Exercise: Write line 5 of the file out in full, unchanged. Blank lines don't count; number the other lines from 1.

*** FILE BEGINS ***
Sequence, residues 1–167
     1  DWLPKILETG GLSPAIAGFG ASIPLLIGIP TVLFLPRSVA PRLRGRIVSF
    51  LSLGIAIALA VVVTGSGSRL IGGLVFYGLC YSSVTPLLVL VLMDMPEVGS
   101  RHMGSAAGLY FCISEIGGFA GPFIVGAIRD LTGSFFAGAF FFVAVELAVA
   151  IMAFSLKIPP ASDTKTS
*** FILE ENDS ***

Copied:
   151  IMAFSLKIPP ASDTKTS